Monday morning I began to feel some chest discomfort – a pressure – which became more acute as the day wore on. Finally I decided enough was enough and with the help of colleagues from the Embassy*, an ambulance was dispatched and an Italian speaking colleagues was sent over to help.
The ambulance doctor spoke some English so communication, though not faultless, was at least established until my colleague Santina could arrive. After a quick ECG it was decided that a trip to the hospital was in order and then the fun began.
I may have mentioned in the past that only large official buildings and hotel chains here have elevators that will accommodate more than 4 people, let alone two people and a stretcher. Solution? A kitchen chair! Okay. So I assumed the idea would be that I would sit in it and be carried down – seems logical right? Wrong – the chair was placed in the elevator, I sat in it for the ride down; then walked to the stretcher in the lobby?????? The next problem was getting the gate open – it is at the end of a long driveway and the button is back by the building, if you can find it amongst the greenery. I thought for a moment that I was going to have to get out of the ambulance and open it but someone found the right button. Finally me stretchered, gate opened we roared off rattling across the cobblestones, sirens blaring.
ER at Policlinico is infamous in Rome if not all of Italy – chaos does not even begin to describe it. Think of one of those crowd scenes from a Hollywood Roman epic – throw in stretchers, wheelchairs and IV stands and you are getting close to the visual. Now add in the noise of a Cairo market, a children’s birthday party and Friday night at the local pub plus some wailing from ambulances and people and you have the aural.
A few clicks should indicated the size of Policlinico Umberto Primo - it comprises 47 buildings and is part of La Sapienza University.
After being bumped and banged around ER for a few hours – triage, examination room, observation hall – young Doctor Rossi (how could he be a doctor he’s only 14?) appeared and suggested that a stay in Spa Policlinco was in the stars for the next three days. So I was plopped in a wheelchair with one slightly flat tire and manoeuvred, rhythmically making a thump-k-thump sound, through a maze of long colonnaded corridors. Propelled through a set of double doors I came face to face with an illuminated statue of the Virgin Mary. Well this is it I thought – they’re taking me to the chapel – this is the end.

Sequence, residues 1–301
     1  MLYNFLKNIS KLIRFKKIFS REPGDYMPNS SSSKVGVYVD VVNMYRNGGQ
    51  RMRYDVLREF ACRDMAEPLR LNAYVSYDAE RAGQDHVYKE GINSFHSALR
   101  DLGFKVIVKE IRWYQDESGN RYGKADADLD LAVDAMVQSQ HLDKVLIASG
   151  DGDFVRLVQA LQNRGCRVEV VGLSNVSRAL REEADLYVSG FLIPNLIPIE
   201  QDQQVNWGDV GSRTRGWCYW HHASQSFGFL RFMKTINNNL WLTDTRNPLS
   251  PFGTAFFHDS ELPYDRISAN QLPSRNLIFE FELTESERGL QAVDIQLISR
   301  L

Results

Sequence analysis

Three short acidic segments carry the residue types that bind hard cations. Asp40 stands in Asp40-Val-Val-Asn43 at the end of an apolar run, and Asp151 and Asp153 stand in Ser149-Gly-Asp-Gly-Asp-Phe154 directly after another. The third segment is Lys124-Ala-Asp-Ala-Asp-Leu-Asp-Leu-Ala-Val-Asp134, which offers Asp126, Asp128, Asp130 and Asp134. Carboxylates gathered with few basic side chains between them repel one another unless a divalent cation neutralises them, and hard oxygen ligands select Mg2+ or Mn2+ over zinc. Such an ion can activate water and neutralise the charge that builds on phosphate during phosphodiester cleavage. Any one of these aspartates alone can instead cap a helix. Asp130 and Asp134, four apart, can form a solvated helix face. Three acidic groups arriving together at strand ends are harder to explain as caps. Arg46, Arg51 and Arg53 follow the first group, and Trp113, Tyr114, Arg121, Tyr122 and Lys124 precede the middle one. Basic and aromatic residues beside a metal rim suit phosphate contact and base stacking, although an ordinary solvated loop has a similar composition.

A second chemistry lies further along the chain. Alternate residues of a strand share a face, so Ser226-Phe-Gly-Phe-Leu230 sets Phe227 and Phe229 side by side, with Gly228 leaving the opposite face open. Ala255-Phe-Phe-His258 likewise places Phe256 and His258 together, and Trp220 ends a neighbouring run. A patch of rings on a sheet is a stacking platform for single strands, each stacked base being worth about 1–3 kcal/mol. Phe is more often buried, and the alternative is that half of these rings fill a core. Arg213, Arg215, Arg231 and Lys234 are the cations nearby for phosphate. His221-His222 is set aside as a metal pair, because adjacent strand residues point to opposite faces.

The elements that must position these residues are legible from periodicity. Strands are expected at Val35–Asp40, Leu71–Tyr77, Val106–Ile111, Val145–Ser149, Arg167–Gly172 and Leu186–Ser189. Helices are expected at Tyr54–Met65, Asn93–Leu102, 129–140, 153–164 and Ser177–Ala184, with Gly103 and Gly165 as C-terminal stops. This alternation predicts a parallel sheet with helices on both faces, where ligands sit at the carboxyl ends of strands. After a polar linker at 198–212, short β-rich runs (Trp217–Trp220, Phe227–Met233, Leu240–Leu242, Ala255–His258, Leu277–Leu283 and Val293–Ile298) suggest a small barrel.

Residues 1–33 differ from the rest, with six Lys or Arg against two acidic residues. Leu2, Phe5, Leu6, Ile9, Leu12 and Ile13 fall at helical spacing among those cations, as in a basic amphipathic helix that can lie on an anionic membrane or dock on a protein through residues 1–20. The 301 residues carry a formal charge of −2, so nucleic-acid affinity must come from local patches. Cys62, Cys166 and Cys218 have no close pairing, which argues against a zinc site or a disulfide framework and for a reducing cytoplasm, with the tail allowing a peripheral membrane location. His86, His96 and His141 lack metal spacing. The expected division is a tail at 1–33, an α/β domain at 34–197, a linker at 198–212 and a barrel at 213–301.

Instead of flickering votives illuminating polychrome statues I was wheeled into a high old-fashioned hospital room where a flickering neon illuminated my new roommate, Nazzareno. There were only two beds – not the 8 I had seen when visiting my friend Linda a few months ago at her regional hospital and given the noise level I recall from that visit I must remember to put some flowers in front of that statue of the Virgin.
Nazzareno was a round faced, large bellied gentleman in his late 40s who had fallen into a diabetic coma at the beach last Saturday. As can be expected he speaks only Italian but that has not stopped us from having long conversations. Throw him a subject and he can converse on it for an hour and I don’t have to say a word – just nod, smile, say “si” or “non” as the topic requires and give the occasional laugh. Thank you to my high school drama teacher Doug Livingston, who taught me a good part of acting is reacting. It’s a lesson that has served me well.
Tuesday morning after more blood work – I’m going to have a few bruises for the next week or two – and ECGs it was time for morning rounds. I have never seen so many white coats in my life. Ten medical-types poked, prodded and examined; comments were made that elicited laughter – hey my chest isn’t that scrawny! – and my condition and what to do about it was discussed loudly and passionately if though a meal were being ordered at a local trattoria. I should mention that in Italian hospital there are no bedside screens or curtains so everyone, including your roommate, can and does take part in the conversation.
The Senior Doctor – full white hair, ferragosto tan, designer glasses, polished fingernails – got into a heated discussion with a tall redheaded ward doctor that was halted in mid-spat by the entrance of another doctor. Not that her appearance stopped it, there was just a momentary truce as greetings, compliments and kisses were exchanged – then they were back to me. I was a bit startled when the new arrival began fondling my feet – I thought that sort of thing was against the Hippocratic Oath – but it turned out she was checking out my circulation. Based on general consensus – and I’m not at all sure that Nazereno’s opinion wasn’t taken into consideration – I hadn’t suffered a heart attack but Pavilion 7, 2nd Floor, Bed 11 was to be my home for the next few days.
... to be continued
*Just as a sidebar I've been on my own this week as Laurent went to Tirana for business last Sunday - no not the International Film Fesival, that would be Toronto - this is Tirana as in Albania.
12 settembre - San Tesauro dei Beccheria